*     *     *
All sing:

Chak Chel, sacred Mother

Chak Chel, who gives life

Her wisdom guides waters ever called to the Sea

Chak Chel watches over each newborn, each child

Every new life that draws breath on this Earth

#
A man’s voice, deep, confident:

So humans dwelt in the land, our grandfathers and grandmothers worshipped the Gods, they feared the Gods, and it went well. The land was rich, and in the land were beasts. But the beasts fled like the unseen wind between leaves and through grass; they would not become man’s food. The trees sheltered them. The ground hid them. And other beasts hunted man, for he was slow of foot, and his flesh tender.

Then to the Gods of the beasts, to their hidden home in the jungle’s sunless heart, came Chak Chel, strong in her youth, face fierce and eyes wide. To the Gods of the beasts She said:

“Look upon man. See his need. Feed him in his hunger; protect him in his weakness.”

But Rabbit-God, hiding in the arms of his mother the Moon, said:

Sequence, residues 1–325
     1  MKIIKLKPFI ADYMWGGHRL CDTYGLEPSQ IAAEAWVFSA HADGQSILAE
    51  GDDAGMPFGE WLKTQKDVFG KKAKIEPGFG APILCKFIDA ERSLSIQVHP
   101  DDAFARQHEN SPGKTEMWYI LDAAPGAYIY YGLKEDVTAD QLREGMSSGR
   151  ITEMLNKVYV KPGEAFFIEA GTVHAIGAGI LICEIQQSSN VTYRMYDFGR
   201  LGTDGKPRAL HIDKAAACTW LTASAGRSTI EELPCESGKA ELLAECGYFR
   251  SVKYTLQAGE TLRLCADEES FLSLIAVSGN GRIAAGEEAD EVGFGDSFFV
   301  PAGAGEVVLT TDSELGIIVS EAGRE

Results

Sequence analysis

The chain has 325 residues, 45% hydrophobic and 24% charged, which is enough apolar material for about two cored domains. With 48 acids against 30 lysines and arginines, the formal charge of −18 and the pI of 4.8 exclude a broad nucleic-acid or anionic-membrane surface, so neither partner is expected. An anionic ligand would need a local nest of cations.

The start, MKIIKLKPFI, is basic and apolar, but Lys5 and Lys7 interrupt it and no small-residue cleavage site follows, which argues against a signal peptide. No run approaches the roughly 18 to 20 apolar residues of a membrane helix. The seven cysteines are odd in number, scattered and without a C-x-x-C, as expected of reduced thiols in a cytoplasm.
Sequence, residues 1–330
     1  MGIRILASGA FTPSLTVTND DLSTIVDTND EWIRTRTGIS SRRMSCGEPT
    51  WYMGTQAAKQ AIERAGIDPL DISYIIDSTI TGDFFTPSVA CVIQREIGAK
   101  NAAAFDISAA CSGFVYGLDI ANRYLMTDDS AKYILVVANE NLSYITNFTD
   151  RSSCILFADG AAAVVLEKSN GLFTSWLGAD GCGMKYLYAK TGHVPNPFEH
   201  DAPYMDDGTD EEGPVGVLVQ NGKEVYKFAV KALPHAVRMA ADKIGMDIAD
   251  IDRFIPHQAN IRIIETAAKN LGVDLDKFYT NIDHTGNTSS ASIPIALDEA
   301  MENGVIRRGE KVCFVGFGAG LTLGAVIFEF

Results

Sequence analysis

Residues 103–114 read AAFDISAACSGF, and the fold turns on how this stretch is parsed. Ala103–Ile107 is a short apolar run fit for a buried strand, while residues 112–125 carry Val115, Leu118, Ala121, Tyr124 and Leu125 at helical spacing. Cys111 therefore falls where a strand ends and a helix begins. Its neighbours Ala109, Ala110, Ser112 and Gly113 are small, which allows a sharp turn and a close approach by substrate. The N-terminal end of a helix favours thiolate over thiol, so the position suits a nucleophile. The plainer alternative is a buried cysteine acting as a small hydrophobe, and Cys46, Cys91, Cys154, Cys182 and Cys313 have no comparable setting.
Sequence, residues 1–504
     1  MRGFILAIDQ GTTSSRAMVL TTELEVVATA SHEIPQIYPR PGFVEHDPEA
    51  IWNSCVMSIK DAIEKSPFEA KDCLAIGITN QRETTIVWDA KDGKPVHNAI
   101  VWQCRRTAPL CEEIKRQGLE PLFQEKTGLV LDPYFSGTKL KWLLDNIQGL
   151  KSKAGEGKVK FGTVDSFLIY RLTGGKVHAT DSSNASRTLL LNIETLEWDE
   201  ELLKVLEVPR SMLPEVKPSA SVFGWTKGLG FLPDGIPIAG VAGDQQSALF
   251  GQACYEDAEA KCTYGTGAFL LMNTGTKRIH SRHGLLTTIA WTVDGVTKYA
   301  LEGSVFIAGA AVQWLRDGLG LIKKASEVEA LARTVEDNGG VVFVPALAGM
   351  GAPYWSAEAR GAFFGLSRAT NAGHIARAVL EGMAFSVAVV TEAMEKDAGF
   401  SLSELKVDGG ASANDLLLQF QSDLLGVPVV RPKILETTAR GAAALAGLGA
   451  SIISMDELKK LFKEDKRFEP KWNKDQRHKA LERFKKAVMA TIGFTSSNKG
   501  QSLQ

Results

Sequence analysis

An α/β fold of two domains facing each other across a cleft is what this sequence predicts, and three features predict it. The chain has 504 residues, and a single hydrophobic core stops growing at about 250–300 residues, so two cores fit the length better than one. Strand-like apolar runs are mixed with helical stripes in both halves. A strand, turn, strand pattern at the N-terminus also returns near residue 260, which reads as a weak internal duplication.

“My children will flee from man. My sons and daughters will eat the Earth’s fruits, hidden from the eye and safe from the hand of man.”

Jaguar-God had long watched man, yellow eyes smoldering, jagged mouth slavering, and He said:

“My sons and daughters will feed on man. They will bedeck their jungle with the bones and blood of man’s children.”

But Chak Chel spoke again:

“The rabbit is indeed clever and none can match the jaguar’s stealth, her grace. But clever as he is, the rabbit does not know his Maker; and though the jaguar’s cry is like a thunderclap, she raises no song of praise to the Gods. Humans have wisdom. Protect them; teach them the ways of the beasts. They will praise you and sacrifice to you the rich blood of the hunt, for humans alone fear the Gods.”